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J Pathol Inform 2020,  11:37

Using image registration and machine learning to develop a workstation tool for rapid analysis of glomeruli in medical renal biopsies

1 Corista LLC, Concord, MA, USA
2 Department of Pathology, Dartmouth-Hitchcock Medical Center, Lebanon, NH, USA
3 Department of Pathology, Mayo Clinic, Scottsdale, AZ, USA
4 Department of Pathology, Mayo Clinic, Rochester, MN, USA

Date of Submission11-Jun-2020
Date of Decision25-Aug-2020
Date of Acceptance01-Oct-2020
Date of Web Publication07-Nov-2020

Correspondence Address:
Dr. David C Wilbur
Corista LLC, 9 Damonmill Square, Suite 6A, Concord, MA 01742
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Source of Support: None, Conflict of Interest: None

DOI: 10.4103/jpi.jpi_49_20

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Background: Prescreening of biopsies has the potential to improve pathologists' workflow. Tools that identify features and display results in a visually thoughtful manner can enhance efficiency, accuracy, and reproducibility. Machine learning for detection of glomeruli ensures comprehensive assessment and registration of four different stains allows for simultaneous navigation and viewing. Methods: Medical renal core biopsies (4 stains each) were digitized using a Leica SCN400 at ×40 and loaded into the Corista Quantum research platform. Glomeruli were manually annotated by pathologists. The tissue on the 4 stains was registered using a combination of keypoint- and intensity-based algorithms, and a 4-panel simultaneous viewing display was created. Using a training cohort, machine learning convolutional neural net (CNN) models were created to identify glomeruli in all stains, and merged into composite fields of views (FOVs). The sensitivity and specificity of glomerulus detection, and FOV area for each detection were calculated. Results: Forty-one biopsies were used for training (28) and same-batch evaluation (6). Seven additional biopsies from a temporally different batch were also evaluated. A variant of AlexNet CNN, used for object recognition, showed the best result for the detection of glomeruli with same-batch and different-batch evaluation: Same-batch sensitivity 92%, “modified” specificity 89%, average FOV size represented 0.8% of the total slide area; different-batch sensitivity 90%, “modified” specificity 98% and average FOV size 1.6% of the total slide area. Conclusions: Glomerulus detection in the best CNN model shows that machine learning algorithms may be accurate for this task. The added benefit of biopsy registration with simultaneous display and navigation allows reviewers to move from one machine-generated FOV to the next in all 4 stains. Together these features could increase both efficiency and accuracy in the review process.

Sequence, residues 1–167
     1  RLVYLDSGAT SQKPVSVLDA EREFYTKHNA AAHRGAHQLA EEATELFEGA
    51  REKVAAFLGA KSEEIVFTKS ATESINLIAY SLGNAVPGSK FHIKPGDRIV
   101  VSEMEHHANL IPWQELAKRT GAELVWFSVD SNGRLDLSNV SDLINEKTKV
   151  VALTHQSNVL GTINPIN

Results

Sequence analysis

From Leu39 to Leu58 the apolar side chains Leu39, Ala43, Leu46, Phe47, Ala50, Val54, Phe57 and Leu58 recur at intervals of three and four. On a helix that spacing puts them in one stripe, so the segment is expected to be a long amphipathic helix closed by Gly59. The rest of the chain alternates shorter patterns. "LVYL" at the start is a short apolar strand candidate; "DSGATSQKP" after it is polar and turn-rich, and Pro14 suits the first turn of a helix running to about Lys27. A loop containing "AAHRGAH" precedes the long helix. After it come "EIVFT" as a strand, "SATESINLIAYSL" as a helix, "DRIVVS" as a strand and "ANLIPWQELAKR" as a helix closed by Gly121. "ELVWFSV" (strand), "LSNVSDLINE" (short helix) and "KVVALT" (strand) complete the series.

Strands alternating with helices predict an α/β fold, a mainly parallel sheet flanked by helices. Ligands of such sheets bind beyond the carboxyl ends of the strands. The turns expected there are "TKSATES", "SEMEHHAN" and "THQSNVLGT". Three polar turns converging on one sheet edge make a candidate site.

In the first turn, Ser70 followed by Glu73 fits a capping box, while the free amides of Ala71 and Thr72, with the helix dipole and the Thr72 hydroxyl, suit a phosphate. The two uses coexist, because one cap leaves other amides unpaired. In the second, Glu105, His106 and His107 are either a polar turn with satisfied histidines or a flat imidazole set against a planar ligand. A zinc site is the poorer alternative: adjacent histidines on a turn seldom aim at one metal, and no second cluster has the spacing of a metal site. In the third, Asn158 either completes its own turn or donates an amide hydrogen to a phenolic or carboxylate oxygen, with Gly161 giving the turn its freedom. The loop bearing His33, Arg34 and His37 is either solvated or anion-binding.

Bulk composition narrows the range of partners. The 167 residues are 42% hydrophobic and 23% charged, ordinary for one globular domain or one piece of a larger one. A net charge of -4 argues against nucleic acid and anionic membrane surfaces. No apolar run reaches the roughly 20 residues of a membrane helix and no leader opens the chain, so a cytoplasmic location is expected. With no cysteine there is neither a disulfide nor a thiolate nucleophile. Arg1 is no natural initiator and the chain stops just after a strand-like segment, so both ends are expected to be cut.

Keywords: Convolutional neural network, glomeruli, image registration, machine learning, renal

How to cite this article:
Wilbur DC, Pettus JR, Smith ML, Cornell LD, Andryushkin A, Wingard R, Wirch E. Using image registration and machine learning to develop a workstation tool for rapid analysis of glomeruli in medical renal biopsies. J Pathol Inform 2020;11:37

How to cite this URL:
Wilbur DC, Pettus JR, Smith ML, Cornell LD, Andryushkin A, Wingard R, Wirch E. Using image registration and machine learning to develop a workstation tool for rapid analysis of glomeruli in medical renal biopsies. J Pathol Inform [serial online] 2020 [cited 2020 Nov 29];11:37. Available from:

   Introduction Top

Digital pathology has many potential utilities. These include advancements in education, case archiving and retrieval, teleconsultation, and also improvements in efficiency and accuracy in the daily practice of the anatomic pathologist. Digitization of histopathology slides allows for various modes of case presentation which would be advantageous for rapid and accurate review. One such example is the simultaneous navigation of serial sections of different stains from the same tissue block. Localization and direct comparison of findings on individual cells and structures can enhance productivity over the normal microscopy procedure of switching slides and locating the same fields of views (FOVs) as well as locating the same cells or structures within those FOVs. In addition to presentation, machine learning applications on digitized specimens have been shown to be effective for the automated identification of particular organs, structures, disease processes or other features which under standard microscopy would need to be identified manually.[1],[2],[3],[4] The combination of automated feature identification and simultaneous and synchronized multiple section display of whole slide images (WSIs) has the potential to increase both efficiency and accuracy. A similar scenario was well shown with “location-guided screening” in cervical cytology with digital results display; a process which was first approved for clinical use more than 2 decades ago.[5],[6],[7],[8]